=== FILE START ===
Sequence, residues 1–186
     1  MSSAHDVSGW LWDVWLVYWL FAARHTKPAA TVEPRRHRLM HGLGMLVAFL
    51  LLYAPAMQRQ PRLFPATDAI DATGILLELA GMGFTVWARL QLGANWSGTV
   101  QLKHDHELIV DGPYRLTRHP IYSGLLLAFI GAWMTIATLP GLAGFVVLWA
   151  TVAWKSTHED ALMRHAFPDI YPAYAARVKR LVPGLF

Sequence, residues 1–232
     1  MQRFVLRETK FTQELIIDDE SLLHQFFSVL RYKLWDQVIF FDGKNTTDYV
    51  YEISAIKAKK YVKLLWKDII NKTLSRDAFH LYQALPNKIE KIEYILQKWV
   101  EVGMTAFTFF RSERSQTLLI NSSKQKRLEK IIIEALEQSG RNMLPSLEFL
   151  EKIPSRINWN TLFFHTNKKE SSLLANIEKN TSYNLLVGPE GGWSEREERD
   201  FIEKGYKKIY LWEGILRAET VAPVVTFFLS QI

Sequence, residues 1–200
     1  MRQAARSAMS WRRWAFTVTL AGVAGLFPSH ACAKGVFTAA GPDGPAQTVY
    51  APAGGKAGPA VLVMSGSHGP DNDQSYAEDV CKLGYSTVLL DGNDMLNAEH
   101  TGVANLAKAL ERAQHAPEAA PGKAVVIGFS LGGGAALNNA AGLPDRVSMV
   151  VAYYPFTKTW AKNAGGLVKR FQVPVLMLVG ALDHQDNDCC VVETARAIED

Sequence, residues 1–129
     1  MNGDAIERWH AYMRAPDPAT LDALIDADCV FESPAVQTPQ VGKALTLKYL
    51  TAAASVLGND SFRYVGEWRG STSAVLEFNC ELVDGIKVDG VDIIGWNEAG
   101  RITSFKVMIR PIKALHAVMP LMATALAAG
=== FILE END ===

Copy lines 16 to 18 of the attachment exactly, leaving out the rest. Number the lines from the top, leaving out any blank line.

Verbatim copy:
   151  VAYYPFTKTW AKNAGGLVKR FQVPVLMLVG ALDHQDNDCC VVETARAIED

Sequence, residues 1–129
     1  MNGDAIERWH AYMRAPDPAT LDALIDADCV FESPAVQTPQ VGKALTLKYL